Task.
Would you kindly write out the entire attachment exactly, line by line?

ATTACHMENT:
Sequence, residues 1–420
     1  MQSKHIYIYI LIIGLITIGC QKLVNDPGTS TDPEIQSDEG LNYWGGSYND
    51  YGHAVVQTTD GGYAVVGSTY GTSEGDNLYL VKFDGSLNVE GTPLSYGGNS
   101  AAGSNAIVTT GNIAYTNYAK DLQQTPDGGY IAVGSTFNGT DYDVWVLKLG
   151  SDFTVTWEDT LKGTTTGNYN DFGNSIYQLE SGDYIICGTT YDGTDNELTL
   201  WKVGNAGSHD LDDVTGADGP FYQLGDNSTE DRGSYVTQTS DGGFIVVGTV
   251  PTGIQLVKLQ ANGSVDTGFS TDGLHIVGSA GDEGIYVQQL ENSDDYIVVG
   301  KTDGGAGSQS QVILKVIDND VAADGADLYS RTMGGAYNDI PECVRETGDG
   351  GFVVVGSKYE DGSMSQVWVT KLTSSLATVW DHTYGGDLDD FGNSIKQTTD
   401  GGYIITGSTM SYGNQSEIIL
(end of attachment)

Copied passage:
Sequence, residues 1–420
     1  MQSKHIYIYI LIIGLITIGC QKLVNDPGTS TDPEIQSDEG LNYWGGSYND
    51  YGHAVVQTTD GGYAVVGSTY GTSEGDNLYL VKFDGSLNVE GTPLSYGGNS
   101  AAGSNAIVTT GNIAYTNYAK DLQQTPDGGY IAVGSTFNGT DYDVWVLKLG
   151  SDFTVTWEDT LKGTTTGNYN DFGNSIYQLE SGDYIICGTT YDGTDNELTL
   201  WKVGNAGSHD LDDVTGADGP FYQLGDNSTE DRGSYVTQTS DGGFIVVGTV
   251  PTGIQLVKLQ ANGSVDTGFS TDGLHIVGSA GDEGIYVQQL ENSDDYIVVG
   301  KTDGGAGSQS QVILKVIDND VAADGADLYS RTMGGAYNDI PECVRETGDG
   351  GFVVVGSKYE DGSMSQVWVT KLTSSLATVW DHTYGGDLDD FGNSIKQTTD
   401  GGYIITGSTM SYGNQSEIIL